A 40-acre site that is fully owned by Ho-Chunk Inc. is located directly north of the existing village and abuts U.S. Highway 77. The site features a wetland area in its northwest corner and a gradual slope running west to east across its entirety. A second, 80-acre site, which is partially owned by the company, is located to the east of the current village and the new 40-acre site. The largest site is marked by undulating terrain and a wooded creek in its southeast corner.
The last, 20-acre site is removed from the other two new sites and is about 1.5 miles southeast of the existing village. A steep slope runs downhill from north to south within the site, which is wholly owned by Ho-Chunk Inc.
A Master Plan for Ho-Chunk Village 2.0 calls for the most dense development on the 40-acre site to the north of Ho-Chunk Village, with single- and multi-family buildings mixed with retail, office and light industrial buildings. A main street corridor, designed with a streetscape characteristic of a traditional downtown commercial area, will run south from a Village Square and connect to the existing village.
“It has kind of a small town main street,” said Doug Bisson, urban design and planning manager for HDR of Omaha, which developed the project’s Master Plan.
The 40-acre site also includes a neighborhood park, community square and plaza space, and a natural meadow area with seating. The site will be built on a traditional street grid pattern.
Plans for the 80-acre site call for the traditional street grid pattern from the 40-acre site to transition to a meandering, boulevard-type layout that will follow the ridgelines of the larger site. Homes in the 80-acre site will be larger estate homes, and the entire site will feature natural open spaces with native grasses and wildflowers. A large natural open space in the southeast corner of the site would include a ceremonial plaza and amphitheater, two event lawns, community garden plots and orchards.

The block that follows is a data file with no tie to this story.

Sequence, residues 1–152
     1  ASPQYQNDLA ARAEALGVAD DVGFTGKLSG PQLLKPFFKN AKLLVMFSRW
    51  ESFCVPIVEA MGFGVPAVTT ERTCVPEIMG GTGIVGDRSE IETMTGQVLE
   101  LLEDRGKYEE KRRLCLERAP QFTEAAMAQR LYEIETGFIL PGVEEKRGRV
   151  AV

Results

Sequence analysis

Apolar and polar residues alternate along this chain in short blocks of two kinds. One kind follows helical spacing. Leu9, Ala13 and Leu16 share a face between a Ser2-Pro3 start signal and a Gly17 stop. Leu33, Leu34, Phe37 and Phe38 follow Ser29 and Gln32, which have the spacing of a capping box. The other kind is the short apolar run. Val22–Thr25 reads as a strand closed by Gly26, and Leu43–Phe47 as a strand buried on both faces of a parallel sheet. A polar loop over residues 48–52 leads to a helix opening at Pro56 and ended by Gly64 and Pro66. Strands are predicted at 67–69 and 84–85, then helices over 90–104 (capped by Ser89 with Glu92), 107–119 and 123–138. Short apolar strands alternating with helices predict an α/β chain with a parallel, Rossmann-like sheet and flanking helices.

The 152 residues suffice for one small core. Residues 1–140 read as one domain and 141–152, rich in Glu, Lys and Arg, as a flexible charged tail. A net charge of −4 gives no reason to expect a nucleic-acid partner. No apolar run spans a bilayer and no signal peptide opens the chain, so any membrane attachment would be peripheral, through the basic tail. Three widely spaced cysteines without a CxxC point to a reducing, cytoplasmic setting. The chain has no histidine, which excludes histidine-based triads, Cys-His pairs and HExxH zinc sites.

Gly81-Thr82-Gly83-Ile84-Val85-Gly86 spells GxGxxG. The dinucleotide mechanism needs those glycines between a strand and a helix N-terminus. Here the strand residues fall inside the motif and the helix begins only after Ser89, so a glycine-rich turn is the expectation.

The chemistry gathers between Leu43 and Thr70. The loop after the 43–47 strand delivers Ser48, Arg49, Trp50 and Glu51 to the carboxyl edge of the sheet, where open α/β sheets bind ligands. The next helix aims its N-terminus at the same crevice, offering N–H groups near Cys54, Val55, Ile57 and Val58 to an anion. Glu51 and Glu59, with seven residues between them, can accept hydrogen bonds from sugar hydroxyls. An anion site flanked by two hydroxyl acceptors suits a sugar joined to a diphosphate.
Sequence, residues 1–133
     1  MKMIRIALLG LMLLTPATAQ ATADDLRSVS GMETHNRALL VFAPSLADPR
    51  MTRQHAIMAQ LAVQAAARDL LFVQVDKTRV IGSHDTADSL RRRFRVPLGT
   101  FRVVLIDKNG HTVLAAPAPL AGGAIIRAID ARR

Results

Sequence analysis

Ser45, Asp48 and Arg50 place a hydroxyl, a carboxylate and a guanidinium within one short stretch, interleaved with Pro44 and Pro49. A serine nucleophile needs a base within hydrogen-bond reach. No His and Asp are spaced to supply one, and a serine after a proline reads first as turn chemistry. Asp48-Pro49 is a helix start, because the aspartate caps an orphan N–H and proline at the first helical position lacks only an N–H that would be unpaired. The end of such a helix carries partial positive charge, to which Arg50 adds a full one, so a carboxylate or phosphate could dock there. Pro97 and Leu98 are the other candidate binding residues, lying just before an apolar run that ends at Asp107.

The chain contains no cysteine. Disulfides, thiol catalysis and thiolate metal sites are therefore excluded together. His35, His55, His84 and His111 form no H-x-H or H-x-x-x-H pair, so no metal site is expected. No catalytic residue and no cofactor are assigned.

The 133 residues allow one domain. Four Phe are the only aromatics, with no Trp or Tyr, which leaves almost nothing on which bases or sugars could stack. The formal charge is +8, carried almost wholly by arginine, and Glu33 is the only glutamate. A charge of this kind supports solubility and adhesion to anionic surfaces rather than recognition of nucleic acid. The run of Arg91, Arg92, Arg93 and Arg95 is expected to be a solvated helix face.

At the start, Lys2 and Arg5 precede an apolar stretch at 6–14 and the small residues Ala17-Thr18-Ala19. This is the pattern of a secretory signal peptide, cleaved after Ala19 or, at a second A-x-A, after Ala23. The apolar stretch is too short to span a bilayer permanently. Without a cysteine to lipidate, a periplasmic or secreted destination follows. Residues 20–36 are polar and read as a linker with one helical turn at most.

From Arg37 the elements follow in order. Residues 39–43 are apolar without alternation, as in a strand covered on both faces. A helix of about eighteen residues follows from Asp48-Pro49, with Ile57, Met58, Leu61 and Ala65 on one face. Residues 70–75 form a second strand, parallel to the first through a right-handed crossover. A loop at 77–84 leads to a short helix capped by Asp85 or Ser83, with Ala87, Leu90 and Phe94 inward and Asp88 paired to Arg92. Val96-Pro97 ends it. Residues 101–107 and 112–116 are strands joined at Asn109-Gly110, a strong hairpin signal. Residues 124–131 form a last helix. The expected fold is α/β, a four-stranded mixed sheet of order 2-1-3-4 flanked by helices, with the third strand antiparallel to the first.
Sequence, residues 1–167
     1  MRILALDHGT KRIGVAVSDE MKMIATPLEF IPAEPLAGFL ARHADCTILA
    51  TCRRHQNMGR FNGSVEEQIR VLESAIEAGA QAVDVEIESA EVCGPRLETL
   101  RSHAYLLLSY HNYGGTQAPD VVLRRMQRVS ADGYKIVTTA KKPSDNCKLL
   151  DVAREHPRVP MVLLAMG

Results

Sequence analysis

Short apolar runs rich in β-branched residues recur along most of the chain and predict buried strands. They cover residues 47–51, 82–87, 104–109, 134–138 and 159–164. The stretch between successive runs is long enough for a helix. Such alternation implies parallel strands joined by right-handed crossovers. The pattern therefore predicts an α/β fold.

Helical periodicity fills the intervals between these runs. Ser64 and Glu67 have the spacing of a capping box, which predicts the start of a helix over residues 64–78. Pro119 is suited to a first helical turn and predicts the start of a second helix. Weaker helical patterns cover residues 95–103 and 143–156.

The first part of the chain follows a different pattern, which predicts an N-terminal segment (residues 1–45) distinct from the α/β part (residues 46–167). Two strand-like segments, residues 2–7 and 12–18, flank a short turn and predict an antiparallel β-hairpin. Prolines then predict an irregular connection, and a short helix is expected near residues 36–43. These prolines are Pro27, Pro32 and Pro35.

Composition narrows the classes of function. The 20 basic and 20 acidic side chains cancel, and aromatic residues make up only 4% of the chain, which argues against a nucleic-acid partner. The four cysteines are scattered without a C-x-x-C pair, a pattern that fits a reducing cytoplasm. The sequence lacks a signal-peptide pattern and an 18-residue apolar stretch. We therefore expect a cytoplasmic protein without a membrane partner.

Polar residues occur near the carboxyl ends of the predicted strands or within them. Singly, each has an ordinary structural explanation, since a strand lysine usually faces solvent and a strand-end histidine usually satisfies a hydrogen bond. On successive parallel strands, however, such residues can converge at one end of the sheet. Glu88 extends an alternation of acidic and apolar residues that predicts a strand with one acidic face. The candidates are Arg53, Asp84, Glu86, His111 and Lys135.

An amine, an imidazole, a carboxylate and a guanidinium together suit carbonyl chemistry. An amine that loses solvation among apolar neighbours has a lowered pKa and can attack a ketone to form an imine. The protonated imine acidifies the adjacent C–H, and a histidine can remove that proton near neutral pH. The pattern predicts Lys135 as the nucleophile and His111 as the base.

Within the 20-acre site, a loop street will be lined with small estate homes. A small neighborhood open space will be built adjacent to a low meadow and wetland area. Much of the site will feature a restored native prairie landscape and a trail that will meander through the prairie to a scenic overlook on the site’s highest point.
The 40-acre and 80-acre sites would both feature a unified trail system and sidewalks along all streets that will connect all major open spaces. A widened, tree-lined path, known as the Village Greenway, will provide a north-south spine running from the 40-acre site into the existing village. The path will accommodate pedestrians and bicyclists.
A nature trail will connect the Village Greenway at a park within the 40-acre site to the 80-acre site and will feature crushed native stone and offer access to community gardens, orchards and ceremonial spaces.
“The idea was to create a very walkable neighborhood,” Bisson said. “It’s been incredibly successful over the years.”
He said the design award from the Nebraska Chapter of the American Planning Association is highly competitive and demonstrates how effective the Ho-Chunk Village 2.0 Master Plan balances housing needs with green space, roads and trails.
“We didn’t come in and try to grade everything down, but we worked with nature and were able to accomplish what we want,” he said.